• Fast forward a decade-and-a-half to August 2006. I woke up in the SFO Marriott to the news of the foiled plot to blow up London-to-US flights by disguising separate explosive ingredients in soda bottles then then assembling and detonating them on board. I was trying to fly back the next day. Baggage check lines exploded when all the flyers with toothpaste, shaving cream, make-up — pretty much everyone — were made to check their bags. That weekend, I re-worked my toiletries kit — hitting the local Whole Foods for tooth powder to replace toothpaste, hair wax for hair gel, and trading the shaving cream that I picked up in that last revamp for a badger hair shaving brush. I think this was the tipping point — when my kit started to skew hipster.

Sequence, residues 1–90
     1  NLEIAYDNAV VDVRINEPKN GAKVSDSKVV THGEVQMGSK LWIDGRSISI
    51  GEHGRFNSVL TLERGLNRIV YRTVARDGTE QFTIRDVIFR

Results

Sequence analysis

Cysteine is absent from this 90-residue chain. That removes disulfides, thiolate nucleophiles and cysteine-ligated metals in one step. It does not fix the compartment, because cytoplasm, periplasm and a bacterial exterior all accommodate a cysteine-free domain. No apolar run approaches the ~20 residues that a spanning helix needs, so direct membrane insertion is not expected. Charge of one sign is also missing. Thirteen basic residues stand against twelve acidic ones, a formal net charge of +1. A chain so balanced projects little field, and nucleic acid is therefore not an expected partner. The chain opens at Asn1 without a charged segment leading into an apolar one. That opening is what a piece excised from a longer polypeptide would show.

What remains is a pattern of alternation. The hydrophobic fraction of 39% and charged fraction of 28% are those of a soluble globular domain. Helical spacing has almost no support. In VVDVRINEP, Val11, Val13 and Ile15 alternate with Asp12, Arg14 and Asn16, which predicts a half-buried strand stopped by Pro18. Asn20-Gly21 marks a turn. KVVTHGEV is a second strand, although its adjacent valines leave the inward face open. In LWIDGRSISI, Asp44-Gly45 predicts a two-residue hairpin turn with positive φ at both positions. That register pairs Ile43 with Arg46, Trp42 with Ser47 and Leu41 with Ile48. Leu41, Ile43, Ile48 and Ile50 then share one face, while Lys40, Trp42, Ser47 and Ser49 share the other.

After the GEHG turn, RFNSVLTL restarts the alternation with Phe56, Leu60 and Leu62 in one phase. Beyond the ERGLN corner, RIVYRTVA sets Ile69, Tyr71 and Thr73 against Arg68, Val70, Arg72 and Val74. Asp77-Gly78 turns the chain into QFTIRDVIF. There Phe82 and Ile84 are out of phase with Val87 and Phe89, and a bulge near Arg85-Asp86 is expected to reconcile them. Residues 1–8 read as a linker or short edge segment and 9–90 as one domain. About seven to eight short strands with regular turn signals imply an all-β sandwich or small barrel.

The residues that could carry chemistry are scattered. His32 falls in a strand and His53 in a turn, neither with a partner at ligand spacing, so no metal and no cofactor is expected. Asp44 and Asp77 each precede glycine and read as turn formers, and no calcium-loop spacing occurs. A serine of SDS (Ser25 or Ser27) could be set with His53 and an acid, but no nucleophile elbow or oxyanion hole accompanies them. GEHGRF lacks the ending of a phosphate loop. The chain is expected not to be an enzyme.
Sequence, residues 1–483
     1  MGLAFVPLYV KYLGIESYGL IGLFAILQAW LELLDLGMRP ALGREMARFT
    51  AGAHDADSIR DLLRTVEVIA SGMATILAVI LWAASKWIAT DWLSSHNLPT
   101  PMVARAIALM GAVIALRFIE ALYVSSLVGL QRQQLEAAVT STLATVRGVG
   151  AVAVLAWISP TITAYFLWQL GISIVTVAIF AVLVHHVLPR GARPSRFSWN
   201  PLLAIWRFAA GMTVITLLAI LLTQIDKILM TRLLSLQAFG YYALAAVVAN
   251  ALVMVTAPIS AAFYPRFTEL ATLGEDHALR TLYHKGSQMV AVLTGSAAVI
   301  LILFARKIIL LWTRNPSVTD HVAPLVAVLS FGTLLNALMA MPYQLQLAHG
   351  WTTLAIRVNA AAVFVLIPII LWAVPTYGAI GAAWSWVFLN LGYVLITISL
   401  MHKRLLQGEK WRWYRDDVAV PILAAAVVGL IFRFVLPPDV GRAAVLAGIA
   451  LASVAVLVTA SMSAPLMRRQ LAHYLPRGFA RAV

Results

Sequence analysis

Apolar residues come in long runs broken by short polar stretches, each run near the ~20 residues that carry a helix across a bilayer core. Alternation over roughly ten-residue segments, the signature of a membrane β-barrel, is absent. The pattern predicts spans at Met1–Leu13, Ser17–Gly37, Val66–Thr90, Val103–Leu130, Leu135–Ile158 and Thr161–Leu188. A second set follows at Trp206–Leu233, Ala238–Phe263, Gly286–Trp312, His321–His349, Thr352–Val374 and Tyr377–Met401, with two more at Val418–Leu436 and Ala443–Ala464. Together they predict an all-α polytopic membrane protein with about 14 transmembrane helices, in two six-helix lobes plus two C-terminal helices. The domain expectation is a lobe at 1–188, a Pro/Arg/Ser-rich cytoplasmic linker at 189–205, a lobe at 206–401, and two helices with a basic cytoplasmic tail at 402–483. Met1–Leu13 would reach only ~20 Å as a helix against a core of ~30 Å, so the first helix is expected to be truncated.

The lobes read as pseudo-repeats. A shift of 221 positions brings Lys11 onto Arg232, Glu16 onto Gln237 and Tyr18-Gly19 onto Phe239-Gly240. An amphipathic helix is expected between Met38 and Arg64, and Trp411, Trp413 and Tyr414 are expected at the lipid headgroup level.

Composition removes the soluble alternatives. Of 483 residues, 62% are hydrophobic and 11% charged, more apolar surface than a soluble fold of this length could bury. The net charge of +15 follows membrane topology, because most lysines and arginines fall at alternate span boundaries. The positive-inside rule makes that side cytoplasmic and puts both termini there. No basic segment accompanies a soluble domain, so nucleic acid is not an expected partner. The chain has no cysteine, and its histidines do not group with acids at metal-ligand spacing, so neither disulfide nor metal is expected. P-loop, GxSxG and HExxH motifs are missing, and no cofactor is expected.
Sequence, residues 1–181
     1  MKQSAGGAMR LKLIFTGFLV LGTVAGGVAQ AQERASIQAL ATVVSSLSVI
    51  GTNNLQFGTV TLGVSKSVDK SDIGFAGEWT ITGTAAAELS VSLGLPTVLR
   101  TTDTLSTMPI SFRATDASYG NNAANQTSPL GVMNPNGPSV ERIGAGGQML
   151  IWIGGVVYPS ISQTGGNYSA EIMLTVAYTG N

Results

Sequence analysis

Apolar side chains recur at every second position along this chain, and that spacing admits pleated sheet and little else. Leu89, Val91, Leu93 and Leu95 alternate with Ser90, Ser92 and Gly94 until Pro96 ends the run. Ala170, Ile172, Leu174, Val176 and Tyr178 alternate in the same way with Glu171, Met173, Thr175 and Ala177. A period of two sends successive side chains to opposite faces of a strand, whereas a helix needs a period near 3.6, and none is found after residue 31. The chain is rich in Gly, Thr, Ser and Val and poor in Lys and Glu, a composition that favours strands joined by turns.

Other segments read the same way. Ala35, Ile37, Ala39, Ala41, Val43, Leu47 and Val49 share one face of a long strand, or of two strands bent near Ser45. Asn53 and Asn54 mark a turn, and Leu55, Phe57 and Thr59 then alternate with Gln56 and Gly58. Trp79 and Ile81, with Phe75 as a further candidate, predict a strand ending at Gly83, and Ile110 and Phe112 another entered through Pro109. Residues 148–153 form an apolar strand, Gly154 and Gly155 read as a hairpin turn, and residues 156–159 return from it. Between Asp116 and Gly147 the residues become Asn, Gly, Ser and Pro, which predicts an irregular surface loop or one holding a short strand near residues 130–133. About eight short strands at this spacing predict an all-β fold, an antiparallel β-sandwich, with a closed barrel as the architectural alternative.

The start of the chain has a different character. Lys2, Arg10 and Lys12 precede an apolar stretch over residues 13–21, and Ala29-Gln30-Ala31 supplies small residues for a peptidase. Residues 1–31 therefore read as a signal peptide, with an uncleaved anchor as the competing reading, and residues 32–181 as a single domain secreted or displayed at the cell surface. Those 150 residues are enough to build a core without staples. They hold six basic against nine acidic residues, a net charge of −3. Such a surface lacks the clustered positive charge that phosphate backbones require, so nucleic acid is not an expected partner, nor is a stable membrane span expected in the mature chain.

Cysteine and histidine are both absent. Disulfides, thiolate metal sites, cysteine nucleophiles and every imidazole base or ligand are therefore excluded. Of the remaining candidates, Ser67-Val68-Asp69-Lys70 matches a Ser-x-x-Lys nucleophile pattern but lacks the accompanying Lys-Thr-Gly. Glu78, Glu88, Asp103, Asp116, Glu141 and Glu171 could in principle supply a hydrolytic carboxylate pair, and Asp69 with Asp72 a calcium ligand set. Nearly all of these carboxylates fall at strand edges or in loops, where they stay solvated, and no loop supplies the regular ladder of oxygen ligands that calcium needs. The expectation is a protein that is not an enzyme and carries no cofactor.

• Fast forward another decade-and-a-half to this Christmas. My son gives me a selection of travel sized shaving soaps, each in their own tin container with a screw top. My daughter gives me a bottle of Lush toothy tabs — kinda compressed tooth powder. These immediately go into my travel kit. My son forwards me a Massdrop buy for an Oristo razor — a $100 version of my grandfather’s safety razor, precision engineered for a “very efficient yet non-aggressive shaving experience”. I think seriously about this. My toiletry kit has gone almost full hipster.
  • And though I’ve slagged on the TSA for God knows how many episodes over the life of this podcast, I do have to thank them for one thing, keeping my toiletry kit from going full-on hipster, because I know they’ll never allow me to shift to shaving with a straight razor.